Letters from Prison – Week 2 // Paul & Mandela // Pastor Kate Murphy

The Apostle Paul wrote most of the material we find in our New Testament. But not while sitting at a desk drinking coffee. He wrote letters to his friends while he was imprisoned for treason, inciting riots, and leading an insurrection. Paul knew eventually he would be executed by his jailors (and he was). But he did not pray for freedom or ask God to rescue. His only plea was to have ‘sufficient courage so that now as always Christ will be exalted in my body, whether by life or by death.’  Paul was not desperately begging for God to restore him to his old life–‘for to me, to live is Christ and to die is gain…I desire to depart and be with Christ, which is better by far; but it is better for you that I remain in the body.’  Paul was ready to die and be with Christ (which he considered ‘better by far) but he was also eager to ‘go on living in the body, which will mean more fruitful labor for me.’  Wherever he was, he was going to serve Jesus.

Sitting in his prison cell, Paul had a foot in both worlds–the life on earth and his life with Christ in the Kingdom of God.

This week, along with Paul’s prison letters, I’ve been reading the letters Nelson Mandela wrote while in prison.  Like Paul, Mandela was convicted of treason and inciting riots.  He was sentenced to life in a hard labor prison camp.  Though he had grounds for appeal and powerful friends, he refused to appeal his sentence.  He wanted his imprisonment to bear witness to the evil brutal injustice of the apartheid regime.  He fully expected to die on Robbins Island.  And yet—he completed multiple degrees while he was imprisoned.  His letters are full of requests for textbooks and examination registration forms.  He also mentored other activists in non-violent philosophy, wrote tender letters of encouragement to his wife and children and continually badgered prison officials and politicians.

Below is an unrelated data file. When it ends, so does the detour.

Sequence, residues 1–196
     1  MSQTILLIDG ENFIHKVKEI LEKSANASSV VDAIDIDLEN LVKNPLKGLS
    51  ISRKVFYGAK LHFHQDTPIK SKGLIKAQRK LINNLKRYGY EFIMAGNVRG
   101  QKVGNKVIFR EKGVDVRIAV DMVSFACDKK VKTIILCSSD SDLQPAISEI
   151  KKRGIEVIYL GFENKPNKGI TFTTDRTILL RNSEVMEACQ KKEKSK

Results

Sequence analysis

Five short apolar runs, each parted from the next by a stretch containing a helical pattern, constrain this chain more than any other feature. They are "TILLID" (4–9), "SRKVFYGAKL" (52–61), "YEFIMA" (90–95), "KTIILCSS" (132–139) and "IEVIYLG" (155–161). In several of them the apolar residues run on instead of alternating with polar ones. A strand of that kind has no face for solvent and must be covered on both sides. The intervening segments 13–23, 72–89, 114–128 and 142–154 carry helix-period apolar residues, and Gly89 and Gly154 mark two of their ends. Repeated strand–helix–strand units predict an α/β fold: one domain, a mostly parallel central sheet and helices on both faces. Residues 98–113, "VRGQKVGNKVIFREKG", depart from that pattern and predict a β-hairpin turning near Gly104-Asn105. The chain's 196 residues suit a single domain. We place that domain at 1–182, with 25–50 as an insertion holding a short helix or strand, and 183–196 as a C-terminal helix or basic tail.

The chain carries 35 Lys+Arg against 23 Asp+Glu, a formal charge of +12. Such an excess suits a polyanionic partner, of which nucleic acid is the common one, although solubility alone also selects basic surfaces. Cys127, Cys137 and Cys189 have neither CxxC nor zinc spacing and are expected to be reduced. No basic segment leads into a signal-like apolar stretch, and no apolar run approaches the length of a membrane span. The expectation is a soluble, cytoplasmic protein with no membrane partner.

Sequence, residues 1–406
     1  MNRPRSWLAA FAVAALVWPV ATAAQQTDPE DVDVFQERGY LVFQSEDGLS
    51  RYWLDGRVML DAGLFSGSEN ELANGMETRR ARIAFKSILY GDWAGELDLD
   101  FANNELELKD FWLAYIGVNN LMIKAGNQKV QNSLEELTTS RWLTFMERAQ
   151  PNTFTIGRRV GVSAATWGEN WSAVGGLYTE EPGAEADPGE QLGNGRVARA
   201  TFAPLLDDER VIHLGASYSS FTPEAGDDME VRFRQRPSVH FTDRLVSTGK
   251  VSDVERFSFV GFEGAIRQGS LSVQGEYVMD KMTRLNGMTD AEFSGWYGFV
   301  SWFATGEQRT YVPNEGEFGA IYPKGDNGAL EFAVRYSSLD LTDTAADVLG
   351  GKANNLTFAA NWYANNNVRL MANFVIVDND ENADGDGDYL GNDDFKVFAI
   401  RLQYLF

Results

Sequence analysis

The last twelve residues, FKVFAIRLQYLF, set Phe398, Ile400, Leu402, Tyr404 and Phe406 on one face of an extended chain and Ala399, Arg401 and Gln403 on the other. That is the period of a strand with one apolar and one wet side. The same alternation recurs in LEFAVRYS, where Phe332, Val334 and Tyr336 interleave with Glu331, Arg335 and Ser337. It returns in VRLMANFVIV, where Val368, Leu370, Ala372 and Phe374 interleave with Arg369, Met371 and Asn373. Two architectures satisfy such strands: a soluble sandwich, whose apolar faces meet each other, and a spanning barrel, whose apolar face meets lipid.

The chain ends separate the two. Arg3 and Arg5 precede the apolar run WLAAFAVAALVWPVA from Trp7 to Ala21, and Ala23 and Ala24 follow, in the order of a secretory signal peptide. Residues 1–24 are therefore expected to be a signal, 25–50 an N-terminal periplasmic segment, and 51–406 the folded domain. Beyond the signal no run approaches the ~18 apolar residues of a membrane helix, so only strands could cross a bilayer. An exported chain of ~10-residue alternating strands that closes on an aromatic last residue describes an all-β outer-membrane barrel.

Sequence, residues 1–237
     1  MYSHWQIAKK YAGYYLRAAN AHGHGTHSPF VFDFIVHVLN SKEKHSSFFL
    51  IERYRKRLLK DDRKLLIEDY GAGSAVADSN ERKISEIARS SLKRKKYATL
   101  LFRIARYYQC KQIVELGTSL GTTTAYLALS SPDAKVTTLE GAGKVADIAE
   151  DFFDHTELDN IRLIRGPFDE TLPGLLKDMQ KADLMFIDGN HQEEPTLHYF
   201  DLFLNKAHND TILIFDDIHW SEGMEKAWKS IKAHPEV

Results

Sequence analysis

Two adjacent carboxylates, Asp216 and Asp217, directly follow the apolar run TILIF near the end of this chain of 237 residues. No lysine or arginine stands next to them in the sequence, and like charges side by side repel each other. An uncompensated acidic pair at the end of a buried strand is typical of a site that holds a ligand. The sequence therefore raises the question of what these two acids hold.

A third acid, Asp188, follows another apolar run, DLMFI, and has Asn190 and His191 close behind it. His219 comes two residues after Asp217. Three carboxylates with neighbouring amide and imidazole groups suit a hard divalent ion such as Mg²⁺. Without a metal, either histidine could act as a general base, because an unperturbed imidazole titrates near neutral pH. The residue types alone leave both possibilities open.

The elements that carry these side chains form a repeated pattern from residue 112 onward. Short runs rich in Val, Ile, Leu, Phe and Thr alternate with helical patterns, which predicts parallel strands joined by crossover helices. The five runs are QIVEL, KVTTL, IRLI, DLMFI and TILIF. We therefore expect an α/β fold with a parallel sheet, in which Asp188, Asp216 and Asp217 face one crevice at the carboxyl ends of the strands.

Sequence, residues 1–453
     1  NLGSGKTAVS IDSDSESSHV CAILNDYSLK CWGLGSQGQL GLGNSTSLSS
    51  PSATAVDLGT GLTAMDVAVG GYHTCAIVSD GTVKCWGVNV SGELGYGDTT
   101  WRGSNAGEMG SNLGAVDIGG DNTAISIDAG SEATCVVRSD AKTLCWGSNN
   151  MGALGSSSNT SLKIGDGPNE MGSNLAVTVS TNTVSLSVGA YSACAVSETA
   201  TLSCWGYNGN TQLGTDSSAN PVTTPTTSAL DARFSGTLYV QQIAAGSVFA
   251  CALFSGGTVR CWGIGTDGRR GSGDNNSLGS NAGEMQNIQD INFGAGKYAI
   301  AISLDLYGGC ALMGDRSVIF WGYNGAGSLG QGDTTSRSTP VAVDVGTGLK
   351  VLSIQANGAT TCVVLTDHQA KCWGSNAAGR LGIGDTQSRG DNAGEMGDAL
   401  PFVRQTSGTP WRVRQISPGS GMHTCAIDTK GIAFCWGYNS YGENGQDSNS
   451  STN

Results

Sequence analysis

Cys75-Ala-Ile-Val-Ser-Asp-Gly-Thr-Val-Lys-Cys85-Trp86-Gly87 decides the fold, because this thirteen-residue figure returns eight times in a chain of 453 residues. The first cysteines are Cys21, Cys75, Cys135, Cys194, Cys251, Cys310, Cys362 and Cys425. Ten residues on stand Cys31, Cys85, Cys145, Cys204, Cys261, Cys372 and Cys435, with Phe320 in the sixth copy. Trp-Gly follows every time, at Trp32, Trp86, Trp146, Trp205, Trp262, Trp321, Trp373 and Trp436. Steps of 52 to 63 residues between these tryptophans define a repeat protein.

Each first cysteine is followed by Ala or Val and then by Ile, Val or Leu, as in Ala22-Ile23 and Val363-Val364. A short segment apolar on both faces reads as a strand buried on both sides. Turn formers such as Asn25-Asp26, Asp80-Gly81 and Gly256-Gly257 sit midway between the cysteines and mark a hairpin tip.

Sitting in his prison cell, Mandela also had a foot in both worlds.

How were these brothers able to live with such courage and hope while enduring the dehumanizing trauma or prison?  Where did they find so much wisdom and love to pour into others?  How were they able to live so passionately and yet hold their lives so lightly?  I hope you’ll join us as we learn from these two great saints how to live with hope and power in the midst of great suffering.

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